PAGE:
HD106 - Report of the Joint Subcommittee Studying Virginia's Freedom of Information Act
House Joint Resolution No. 187, agreed to during the 1998 Session of the General Assembly, established a joint subcommittee to study the Virginia Freedom of Information Act (the Act). As part of the study, the resolved clause in the resolution directed the joint subcommittee to examine other provisions of the Code of Virginia affecting public access to government records and meetings in order to determine whether any revisions to the Act were necessary.
In the first year of study, the joint subcommittee met monthly and endeavored to develop a clearer and easier-to-use Freedom of Information Act -- one that addressed the misunderstandings on the meaning and breadth of the law. The joint subcommittee worked to strike a balance between the public's right of access and the needs of government to function effectively. At the initial meeting of the joint subcommittee, the Virginia Press Association offered a comprehensive redraft of the Freedom of Information Act, which was adopted by the joint subcommittee for use as a vehicle for identifying issues and stimulating discussion. It was not, however, an endorsement of the Virginia Press Association position. An effective initiative of the joint subcommittee was the urging of the formation of an informal work group of interested parties to identify the areas of agreement and disagreement. This initiative provided interested parties with an opportunity to resolve disagreements outside the formal setting of joint subcommittee meetings. All interested parties were invited to participate in work group meetings and this initiative paved the way for informal, yet meaningful dialogue. As a result, the joint subcommittee's 1998 work culminated in an extensive rewrite of the Virginia Freedom of Information Act.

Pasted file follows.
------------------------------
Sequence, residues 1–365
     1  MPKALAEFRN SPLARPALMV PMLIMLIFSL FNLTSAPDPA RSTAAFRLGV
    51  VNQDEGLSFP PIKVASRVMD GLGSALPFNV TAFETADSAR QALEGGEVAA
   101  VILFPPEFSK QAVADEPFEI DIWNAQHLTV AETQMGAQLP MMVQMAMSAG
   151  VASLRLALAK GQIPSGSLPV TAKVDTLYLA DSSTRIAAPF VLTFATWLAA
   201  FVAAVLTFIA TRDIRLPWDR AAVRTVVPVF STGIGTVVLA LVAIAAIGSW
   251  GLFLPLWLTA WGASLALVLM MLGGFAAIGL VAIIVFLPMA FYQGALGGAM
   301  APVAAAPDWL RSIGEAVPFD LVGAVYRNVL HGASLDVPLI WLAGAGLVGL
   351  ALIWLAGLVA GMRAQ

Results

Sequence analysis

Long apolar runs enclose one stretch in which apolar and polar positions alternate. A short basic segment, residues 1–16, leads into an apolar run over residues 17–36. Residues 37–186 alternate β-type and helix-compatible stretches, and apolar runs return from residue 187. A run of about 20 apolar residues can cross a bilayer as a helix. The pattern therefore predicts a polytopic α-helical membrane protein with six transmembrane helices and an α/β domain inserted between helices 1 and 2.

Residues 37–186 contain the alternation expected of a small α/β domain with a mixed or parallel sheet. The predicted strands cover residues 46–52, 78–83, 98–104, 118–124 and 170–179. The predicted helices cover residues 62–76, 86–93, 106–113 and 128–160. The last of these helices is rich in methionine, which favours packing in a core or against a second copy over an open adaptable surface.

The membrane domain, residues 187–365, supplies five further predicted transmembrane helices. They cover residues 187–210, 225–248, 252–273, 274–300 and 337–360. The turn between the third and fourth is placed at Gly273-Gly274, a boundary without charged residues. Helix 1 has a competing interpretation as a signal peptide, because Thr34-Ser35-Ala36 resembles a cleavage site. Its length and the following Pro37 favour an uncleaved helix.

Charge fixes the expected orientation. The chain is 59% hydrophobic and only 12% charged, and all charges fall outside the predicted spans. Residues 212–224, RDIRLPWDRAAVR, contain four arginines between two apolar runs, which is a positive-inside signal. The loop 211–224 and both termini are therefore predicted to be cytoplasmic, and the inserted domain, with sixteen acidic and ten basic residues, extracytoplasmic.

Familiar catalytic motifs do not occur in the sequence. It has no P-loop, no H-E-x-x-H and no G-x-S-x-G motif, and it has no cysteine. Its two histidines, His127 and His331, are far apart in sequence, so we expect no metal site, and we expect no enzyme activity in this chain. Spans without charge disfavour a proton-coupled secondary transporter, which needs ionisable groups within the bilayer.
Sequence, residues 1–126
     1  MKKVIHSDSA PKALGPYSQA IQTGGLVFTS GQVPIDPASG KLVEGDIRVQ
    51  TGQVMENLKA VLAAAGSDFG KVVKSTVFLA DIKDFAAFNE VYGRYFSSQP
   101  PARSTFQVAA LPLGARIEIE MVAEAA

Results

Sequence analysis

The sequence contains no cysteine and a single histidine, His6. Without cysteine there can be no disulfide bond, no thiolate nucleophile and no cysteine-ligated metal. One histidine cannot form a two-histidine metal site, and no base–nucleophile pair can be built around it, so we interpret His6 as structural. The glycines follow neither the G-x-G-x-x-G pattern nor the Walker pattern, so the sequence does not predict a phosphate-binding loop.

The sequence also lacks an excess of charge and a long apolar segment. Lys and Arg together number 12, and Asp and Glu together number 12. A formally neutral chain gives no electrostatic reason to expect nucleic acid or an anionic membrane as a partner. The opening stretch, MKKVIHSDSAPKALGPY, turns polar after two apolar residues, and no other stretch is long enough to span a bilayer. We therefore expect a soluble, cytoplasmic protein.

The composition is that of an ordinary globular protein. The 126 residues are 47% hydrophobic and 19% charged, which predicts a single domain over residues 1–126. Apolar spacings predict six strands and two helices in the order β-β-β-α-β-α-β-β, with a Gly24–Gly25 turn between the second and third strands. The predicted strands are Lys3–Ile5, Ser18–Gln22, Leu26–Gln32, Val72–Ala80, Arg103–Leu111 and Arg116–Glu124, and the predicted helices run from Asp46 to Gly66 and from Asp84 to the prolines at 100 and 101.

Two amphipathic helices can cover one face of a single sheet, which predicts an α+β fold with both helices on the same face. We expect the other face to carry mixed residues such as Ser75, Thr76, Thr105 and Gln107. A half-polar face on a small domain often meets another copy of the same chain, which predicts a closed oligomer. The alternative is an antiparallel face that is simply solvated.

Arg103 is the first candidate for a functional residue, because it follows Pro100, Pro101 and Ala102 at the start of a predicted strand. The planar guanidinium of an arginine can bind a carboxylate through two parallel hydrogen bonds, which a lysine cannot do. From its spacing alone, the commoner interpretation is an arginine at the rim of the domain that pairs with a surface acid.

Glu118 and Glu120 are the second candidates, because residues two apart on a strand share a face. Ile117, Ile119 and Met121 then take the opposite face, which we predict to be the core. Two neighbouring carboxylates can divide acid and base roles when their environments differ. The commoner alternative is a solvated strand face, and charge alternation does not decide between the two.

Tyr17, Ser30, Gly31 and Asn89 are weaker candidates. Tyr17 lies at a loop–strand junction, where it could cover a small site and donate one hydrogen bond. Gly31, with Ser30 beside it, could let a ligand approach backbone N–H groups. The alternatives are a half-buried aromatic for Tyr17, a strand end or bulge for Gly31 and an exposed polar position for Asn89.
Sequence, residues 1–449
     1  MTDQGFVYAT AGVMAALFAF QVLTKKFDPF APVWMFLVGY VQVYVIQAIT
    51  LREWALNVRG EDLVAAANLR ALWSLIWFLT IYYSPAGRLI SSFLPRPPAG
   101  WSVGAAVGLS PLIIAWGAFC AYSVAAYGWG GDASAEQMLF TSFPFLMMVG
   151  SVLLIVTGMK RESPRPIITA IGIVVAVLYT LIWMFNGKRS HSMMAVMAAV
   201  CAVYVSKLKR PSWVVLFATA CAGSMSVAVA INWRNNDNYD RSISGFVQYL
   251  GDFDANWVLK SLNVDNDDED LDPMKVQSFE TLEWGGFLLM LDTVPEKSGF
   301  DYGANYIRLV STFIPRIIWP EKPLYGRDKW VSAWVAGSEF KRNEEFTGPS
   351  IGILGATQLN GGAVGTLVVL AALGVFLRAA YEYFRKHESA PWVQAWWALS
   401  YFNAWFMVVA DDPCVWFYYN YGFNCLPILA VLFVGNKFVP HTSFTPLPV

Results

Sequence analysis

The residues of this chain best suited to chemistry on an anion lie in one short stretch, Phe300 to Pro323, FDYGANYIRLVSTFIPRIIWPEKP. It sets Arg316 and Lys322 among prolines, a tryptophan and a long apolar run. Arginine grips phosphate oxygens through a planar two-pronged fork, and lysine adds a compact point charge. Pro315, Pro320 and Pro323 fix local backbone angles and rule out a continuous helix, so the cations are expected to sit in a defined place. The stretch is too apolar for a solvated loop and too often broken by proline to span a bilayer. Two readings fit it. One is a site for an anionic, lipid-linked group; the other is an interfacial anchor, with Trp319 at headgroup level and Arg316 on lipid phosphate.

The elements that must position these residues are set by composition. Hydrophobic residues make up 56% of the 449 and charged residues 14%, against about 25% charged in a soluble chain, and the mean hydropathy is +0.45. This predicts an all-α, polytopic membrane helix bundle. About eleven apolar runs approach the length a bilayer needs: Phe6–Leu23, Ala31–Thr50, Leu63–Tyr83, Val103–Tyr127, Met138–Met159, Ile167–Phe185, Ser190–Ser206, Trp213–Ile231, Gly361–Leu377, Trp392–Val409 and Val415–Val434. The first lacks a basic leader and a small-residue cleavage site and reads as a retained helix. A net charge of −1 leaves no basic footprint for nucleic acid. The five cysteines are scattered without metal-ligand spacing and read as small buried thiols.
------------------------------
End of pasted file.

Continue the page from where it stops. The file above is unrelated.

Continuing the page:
Another initiative of the joint subcommittee was the creation of a study website on the Internet ( http://dls.state.va.us/hjr187.htm) at which all meeting notices, meeting summaries, copies of presentations made to the joint subcommittee, legislative drafts, and other documents and information related to the study were posted. With access to the workings of government at issue, the joint subcommittee felt strongly that its deliberations should have the widest audience possible.
In 1999, the General Assembly continued the study of the Freedom of Information Act by enacting House Joint Resolution No. 501, which directed the joint subcommittee to review current record exemptions for proprietary information and trade secrets, and examine the feasibility of (i) creating a state "sunshine office" to resolve FOIA complaints, conduct training and education seminars, issue opinions or final orders, and offer voluntary mediation of disputes and (ii) including, in the definition of "public body," private foundations that exist solely to support public institutions of higher education.